In Costa Rica, it was old news.
A Jewish woman has already been vice president there, and "in the current upcoming election, in the two main political parties, both candidates for vice president are Jews," said Jaime Daremblum, the Costa Rican ambassador to the United States.
Daremblum, who has served in his diplomatic post for 3-1/2 years, was the first Jew to graduate from law school in Costa Rica. His term ends this month.
Although its Jewish population is tiny — approximately 3,500 Jews, less than one-tenth of one percent of the country's population of 1.5 million people — "Costa Rica has traditionally been very hospitable to foreigners and minorities," Daremblum said. "They have always had full rights, with ample spaces to preserve their identity and beliefs."
As a result, "Jews are present in all important aspects of Costa Rican life: in economics, the arts and politics," the ambassador said.
The country's good relations with Jews extends to those outside its borders. Costa Rica has long been considered a solid ally of Israel; it was the first country to establish its embassy in Jerusalem, in 1953. El Salvador is the only other country to have its embassy located in Israel's capital. (Most countries have their embassies in Tel Aviv, so as not to offend the Palestinians, who challenge Israeli authority over Jerusalem.)
Daremblum thinks it might be because Costa Ricans could identify with the sole democracy in an otherwise hostile region.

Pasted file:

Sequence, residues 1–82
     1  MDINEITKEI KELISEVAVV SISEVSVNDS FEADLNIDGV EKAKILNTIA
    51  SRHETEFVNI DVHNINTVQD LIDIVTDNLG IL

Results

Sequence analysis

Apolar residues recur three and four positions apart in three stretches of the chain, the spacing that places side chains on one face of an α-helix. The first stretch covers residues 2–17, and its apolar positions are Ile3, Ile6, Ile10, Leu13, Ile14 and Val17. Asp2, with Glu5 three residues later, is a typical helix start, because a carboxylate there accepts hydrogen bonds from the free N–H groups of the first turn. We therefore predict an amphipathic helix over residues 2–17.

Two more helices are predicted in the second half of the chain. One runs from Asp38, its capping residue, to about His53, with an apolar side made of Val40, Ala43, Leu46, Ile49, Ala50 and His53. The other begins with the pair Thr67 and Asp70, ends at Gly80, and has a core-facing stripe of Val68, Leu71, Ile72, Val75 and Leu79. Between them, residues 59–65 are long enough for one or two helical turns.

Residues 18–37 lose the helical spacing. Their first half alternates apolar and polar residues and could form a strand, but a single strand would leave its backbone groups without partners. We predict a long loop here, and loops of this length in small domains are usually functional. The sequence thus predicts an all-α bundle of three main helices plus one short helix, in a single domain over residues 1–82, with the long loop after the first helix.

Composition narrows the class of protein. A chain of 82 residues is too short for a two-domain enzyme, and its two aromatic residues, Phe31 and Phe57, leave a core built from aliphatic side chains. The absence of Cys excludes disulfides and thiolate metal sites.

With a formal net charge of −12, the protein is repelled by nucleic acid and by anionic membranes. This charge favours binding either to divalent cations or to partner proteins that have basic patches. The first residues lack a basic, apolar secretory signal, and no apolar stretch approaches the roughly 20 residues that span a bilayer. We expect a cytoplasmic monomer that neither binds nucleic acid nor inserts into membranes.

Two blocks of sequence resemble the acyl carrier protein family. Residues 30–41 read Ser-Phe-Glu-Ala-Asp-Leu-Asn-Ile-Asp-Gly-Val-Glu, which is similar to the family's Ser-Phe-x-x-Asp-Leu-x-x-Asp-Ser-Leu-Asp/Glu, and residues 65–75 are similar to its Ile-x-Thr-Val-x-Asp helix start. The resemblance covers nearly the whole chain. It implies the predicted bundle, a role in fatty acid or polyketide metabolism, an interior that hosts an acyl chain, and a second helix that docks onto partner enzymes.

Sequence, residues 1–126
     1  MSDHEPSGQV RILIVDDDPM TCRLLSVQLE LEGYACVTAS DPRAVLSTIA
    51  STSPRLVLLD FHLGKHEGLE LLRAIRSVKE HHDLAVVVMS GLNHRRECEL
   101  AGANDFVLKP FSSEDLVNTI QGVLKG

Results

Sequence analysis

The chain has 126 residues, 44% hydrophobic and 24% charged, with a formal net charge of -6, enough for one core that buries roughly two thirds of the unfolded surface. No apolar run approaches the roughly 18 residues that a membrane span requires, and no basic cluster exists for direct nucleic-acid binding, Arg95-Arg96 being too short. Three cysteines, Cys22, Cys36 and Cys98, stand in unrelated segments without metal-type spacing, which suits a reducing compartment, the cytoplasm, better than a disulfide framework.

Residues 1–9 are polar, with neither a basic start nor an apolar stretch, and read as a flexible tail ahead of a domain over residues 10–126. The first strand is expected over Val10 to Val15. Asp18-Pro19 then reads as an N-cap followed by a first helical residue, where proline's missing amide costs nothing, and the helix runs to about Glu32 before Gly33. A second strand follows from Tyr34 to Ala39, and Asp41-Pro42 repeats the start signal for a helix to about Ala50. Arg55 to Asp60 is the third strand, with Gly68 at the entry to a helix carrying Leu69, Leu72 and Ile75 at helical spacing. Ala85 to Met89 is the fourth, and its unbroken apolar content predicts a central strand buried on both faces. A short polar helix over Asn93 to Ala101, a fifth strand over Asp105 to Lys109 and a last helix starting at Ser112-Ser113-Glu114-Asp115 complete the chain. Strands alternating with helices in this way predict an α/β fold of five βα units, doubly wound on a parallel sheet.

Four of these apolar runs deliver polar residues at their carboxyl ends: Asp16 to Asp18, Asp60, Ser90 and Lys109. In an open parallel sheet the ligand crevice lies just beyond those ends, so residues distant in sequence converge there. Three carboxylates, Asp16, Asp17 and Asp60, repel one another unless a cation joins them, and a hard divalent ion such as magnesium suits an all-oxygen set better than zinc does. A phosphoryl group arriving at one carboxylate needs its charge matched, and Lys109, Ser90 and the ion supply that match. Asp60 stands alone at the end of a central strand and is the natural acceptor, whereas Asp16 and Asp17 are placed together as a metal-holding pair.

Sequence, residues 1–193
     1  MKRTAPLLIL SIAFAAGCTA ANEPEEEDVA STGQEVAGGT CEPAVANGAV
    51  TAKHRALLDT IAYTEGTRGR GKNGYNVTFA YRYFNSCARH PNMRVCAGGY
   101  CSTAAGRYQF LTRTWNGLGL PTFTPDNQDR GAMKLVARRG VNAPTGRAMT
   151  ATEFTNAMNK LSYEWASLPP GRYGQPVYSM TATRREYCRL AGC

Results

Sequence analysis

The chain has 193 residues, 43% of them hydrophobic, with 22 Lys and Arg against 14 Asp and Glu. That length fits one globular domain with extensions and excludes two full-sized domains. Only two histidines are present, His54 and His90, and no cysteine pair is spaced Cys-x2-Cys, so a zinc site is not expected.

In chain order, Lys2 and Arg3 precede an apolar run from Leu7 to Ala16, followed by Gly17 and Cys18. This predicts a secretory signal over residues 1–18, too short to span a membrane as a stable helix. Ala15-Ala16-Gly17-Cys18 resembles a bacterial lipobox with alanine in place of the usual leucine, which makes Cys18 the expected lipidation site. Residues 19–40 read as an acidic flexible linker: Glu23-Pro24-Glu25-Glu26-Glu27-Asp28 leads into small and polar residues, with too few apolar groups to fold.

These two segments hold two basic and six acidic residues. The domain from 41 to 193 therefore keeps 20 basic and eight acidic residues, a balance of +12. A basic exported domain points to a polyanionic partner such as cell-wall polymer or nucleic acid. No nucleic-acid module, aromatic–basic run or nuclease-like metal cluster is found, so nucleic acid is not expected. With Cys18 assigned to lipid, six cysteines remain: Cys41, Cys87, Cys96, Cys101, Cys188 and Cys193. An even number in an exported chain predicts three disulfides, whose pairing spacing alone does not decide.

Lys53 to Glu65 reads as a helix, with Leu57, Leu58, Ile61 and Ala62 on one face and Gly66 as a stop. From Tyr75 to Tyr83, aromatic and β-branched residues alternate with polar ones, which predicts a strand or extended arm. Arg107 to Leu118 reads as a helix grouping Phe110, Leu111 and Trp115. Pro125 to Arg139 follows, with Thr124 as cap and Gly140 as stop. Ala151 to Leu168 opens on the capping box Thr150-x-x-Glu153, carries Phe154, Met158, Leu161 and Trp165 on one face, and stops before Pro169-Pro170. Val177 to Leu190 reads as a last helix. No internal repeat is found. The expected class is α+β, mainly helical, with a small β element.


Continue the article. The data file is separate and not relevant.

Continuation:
"Israel is a democracy and Costa Rica is a democracy," he said. "For a long time that was an exception in a region often plagued by military regimes."
When asked about the Jewish community itself, Daremblum said education is the primary reason it is so close-knit.
Most Jews send their children to the Jewish day school, but even those who favor American or other private schools "always provide for supplementary Jewish education."
While some Sephardim did make their way to Costa Rica at the time of the Inquisition, the Jewish community of Costa Rica today is largely Ashkenazi. Most of the older generation come from the same place: the Polish village of Yelechov, immigrating in the 1920s and '30s. About 200 Holocaust survivors are still alive.
With most Jews based in and around the capital city of San José, the focal points of the Jewish community are the Orthodox Shaarei Zion Synagogue, with 2,500 members, and the community center, which is known as the country club.
In 1989, a second synagogue, B'nai Israel, was built. The Reform congregation has perhaps one-tenth the membership of Shaarei Zion and as is often the case in these situations, members of the two synagogues have little contact. B'nai Israel is made up of mostly American expatriates and native Costa Rican Jews who have intermarried.
Chabad also has a presence, with a rabbi in San José.
But it is the members of Shaarei Zion, representing the majority of the nation's Jews, who make up "the community" in Costa Rica. And while the synagogue is Orthodox, its members do not necessarily adhere to halachah.
For example, most attend services every week, but they drive to get there. They also drive on Saturdays to the Jewish-only country club, a year-round institution since the tropical weather doesn't vary much from season to season. Most businesses stay open on Shabbat.